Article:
Rollovers of a 401k are typically done when an employee is no longer departs from an employer. If you’re eligible for a solo 401k, rolling over a 401k into a solo 401k could give you some immediate benefits and tax-advantages that your old company 401k never had. You get total control over what you invest in, a Roth option, and higher contribution limits since you now get to contribute as both the employee and the employer.
A 401k rollover is the fastest way to fund a new solo 401k account, and there are no limits, fees, or taxes owed. If you qualify for a solo 401k, but already have a company 401k plan, here’s everything you need to know about rolling over your 401k into a solo 401k.
Can I rollover a company 401k to a solo 401k?
Yes, you can rollover any company 401k plan into your solo 401k. However, most employers won’t let you rollover your company 401k while you’re still employed there. Rollovers of 401k plans into solo 401k plans are typically done when an employee departs from a company.
Also read: How to rollover an IRA to a solo 401k.
Are there fees for rolling over a 401k to a solo 401k?
You should double check with your plan provider, but generally there are no fees for completing a 401k rollover.
Will I owe taxes?
No, rollovers of a 401k plan to a solo 401k is not a taxable event as long as the two accounts have matching tax treatments. For example, if you rollover a 401k into a traditional solo 401k, there will be no taxes owed. But if you rollover a 401k into a Roth solo 401k, you’ll have to pay taxes since Roth accounts are funded with after-tax dollars and traditional 401k plans are funded with pre-tax dollars.
Do I have to rollover everything?
You can rollover as much you want from your existing 401k plan. Even if you’re departing the company, some employers will let you keep the 401k account until you reach the age of 59½ , which is the age you become eligible for qualified distributions.
Can I rollover assets or only cash?
You can rollover both cash and assets from an 401k into a solo 401k.
Does a 401k rollover affect my contribution limits?
No, rollovers are considered separate from contributions and do not affect your yearly solo 401k contribution limits.
How to rollover a 401k into a solo 401k
The rollover process is fairly straightforward and doesn’t require much involvement from the account holder. You simply need to tell your current plan administrator and let them know you want to do a rollover into your solo 401k. Give them the account number of your new solo 401k plan, and they’ll transfer your balance directly to the new account.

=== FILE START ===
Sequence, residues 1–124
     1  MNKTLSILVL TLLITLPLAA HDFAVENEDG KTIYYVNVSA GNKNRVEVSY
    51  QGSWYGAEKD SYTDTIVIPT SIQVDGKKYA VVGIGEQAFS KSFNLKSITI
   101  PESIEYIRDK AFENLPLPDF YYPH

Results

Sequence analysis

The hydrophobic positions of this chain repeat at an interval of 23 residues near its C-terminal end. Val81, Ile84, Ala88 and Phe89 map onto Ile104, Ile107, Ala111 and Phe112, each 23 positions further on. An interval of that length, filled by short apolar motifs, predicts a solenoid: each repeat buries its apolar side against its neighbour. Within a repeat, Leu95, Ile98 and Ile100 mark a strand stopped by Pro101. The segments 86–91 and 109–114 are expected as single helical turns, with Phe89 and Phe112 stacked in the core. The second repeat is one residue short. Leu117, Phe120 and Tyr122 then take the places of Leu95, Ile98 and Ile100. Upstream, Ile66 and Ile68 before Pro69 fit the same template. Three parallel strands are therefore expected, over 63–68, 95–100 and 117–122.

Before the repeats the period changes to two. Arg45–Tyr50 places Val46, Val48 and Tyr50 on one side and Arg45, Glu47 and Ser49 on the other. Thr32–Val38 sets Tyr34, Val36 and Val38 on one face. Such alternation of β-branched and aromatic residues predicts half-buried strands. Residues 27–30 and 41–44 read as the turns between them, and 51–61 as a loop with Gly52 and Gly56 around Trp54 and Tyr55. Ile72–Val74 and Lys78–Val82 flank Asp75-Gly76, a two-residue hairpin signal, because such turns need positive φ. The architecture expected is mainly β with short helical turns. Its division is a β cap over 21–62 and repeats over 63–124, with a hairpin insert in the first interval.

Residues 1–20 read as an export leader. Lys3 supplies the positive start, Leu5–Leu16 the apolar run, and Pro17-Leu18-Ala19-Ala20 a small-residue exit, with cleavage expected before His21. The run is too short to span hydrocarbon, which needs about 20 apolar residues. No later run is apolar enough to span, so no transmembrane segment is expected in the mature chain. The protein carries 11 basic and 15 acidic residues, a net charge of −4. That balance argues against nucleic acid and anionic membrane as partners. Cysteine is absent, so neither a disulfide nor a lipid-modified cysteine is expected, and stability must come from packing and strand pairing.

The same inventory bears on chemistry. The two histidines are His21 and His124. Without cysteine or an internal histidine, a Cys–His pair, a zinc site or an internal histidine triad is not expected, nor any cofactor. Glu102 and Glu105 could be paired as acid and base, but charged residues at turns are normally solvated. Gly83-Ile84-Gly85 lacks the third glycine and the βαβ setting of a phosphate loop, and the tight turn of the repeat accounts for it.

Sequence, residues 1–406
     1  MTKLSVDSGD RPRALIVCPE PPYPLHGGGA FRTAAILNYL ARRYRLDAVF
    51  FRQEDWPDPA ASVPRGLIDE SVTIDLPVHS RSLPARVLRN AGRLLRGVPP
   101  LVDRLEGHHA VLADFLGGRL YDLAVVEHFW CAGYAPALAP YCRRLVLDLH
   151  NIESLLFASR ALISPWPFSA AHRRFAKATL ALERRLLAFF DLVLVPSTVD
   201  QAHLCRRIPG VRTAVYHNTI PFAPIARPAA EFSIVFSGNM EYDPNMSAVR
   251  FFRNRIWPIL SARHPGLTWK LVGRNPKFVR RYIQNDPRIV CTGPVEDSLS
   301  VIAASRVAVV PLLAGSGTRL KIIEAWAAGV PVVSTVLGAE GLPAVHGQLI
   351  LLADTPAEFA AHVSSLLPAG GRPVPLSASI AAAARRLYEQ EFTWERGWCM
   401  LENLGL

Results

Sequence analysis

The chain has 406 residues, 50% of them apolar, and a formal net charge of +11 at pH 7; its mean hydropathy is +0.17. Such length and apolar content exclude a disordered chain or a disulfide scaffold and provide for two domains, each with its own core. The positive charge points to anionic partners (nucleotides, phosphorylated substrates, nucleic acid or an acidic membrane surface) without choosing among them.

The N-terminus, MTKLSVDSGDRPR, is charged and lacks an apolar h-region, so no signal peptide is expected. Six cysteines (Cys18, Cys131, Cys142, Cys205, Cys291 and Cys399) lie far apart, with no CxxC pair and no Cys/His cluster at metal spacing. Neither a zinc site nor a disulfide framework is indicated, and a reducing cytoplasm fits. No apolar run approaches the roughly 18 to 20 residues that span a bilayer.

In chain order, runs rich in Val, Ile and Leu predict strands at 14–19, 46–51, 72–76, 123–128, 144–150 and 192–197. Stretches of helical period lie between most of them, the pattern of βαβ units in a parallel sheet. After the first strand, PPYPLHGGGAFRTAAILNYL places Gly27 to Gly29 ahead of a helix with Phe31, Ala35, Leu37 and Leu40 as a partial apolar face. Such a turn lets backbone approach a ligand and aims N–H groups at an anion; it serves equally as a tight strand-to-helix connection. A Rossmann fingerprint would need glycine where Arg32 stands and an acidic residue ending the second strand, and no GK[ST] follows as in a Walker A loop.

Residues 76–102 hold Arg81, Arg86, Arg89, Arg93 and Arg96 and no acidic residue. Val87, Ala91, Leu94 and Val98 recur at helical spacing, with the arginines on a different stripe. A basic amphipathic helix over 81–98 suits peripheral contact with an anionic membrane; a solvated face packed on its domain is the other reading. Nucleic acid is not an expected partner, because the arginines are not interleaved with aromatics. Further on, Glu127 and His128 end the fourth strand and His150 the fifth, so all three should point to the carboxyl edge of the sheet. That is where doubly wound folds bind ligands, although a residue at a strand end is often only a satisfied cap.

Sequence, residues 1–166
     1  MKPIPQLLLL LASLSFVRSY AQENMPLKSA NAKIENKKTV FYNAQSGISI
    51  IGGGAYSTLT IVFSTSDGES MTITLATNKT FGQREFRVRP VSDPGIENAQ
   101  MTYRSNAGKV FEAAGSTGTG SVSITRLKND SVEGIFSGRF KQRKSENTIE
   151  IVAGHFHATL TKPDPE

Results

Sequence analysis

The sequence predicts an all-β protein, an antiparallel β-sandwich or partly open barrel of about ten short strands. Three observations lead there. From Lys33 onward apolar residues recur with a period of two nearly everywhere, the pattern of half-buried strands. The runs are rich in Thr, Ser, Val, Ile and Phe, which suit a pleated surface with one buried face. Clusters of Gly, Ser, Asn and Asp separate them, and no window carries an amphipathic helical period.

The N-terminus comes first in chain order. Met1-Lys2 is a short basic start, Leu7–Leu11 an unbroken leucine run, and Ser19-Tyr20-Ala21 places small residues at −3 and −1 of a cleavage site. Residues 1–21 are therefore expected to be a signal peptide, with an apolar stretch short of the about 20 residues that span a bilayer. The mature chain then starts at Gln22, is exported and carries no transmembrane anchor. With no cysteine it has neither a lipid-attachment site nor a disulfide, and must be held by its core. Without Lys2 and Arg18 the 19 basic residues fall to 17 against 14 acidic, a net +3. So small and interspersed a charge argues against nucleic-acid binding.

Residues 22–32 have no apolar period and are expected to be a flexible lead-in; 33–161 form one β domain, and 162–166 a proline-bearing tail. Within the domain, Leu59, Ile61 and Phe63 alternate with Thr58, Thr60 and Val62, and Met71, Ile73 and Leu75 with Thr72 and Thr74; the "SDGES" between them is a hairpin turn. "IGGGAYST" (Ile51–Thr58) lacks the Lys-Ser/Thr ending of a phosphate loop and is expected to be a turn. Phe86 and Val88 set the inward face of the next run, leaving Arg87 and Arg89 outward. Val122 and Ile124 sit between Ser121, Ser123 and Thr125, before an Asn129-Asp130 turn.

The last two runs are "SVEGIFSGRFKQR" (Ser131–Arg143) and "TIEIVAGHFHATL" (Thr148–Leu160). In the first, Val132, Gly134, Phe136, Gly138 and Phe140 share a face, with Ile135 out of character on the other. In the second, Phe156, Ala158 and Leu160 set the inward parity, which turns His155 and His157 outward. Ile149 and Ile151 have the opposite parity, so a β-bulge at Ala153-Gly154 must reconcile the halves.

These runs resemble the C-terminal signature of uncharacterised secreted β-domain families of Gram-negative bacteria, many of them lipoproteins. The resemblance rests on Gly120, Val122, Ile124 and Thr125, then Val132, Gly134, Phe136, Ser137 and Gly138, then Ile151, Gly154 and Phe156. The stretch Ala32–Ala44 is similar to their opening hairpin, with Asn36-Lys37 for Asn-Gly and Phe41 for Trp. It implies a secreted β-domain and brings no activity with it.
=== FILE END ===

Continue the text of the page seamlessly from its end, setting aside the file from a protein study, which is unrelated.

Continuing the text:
Direct rollovers vs indirect rollovers
Unless you specifically ask for an indirect rollover, your old plan administrator will send the money via a direct rollover.
A direct rollover doesn’t involve you in the transaction. The money is sent directly from the old plan provider to the new plan provider.
With an indirect rollover, the old plan provider will send you the money first, withholding 20% off the balance for potential late fees and tax penalties. Then, it’s up to you to come up with the remaining 20% withheld and deposit the full amount into your new plan within 60 days. If you fail to deposit the full amount within 60 days, you’ll be hit with penalties and taxes on the
Reasons to rollover a 401k into a solo 401k
A solo 401k has many more benefits and tax advantages than a traditional company 401k plan.
- Roth account: Most company 401k plans don’t provide a Roth 401k option. Most solo 401k plans come with a Roth account.
- More investment options: A company 401k plan usually has around a dozen mutual funds that employees can choose to invest in. With a solo 401k, you’re given the freedom to invest in any assets you want (with a few exceptions), including individual stocks, real estate, private equity, and crypto.
- More room for contribution: In a solo 401k, you get to contribute as both the employee and the employer, giving you more contribution room.
The IRS allows contributions to both a company 401k and a solo 401k at the same time. While most 401k rollovers are done when you leave the company, double check with your current plan provider if they allow rollovers while you’re still employed.
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